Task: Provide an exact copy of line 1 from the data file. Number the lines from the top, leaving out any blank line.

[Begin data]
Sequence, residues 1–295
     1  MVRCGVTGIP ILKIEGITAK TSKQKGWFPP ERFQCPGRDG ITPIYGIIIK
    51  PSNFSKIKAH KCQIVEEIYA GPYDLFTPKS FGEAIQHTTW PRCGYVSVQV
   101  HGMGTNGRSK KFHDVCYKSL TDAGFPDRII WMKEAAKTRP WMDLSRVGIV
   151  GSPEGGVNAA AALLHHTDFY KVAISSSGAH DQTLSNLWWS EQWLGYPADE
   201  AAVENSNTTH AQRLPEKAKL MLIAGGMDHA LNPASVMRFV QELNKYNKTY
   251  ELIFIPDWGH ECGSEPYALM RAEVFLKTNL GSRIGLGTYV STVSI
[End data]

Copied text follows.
Sequence, residues 1–295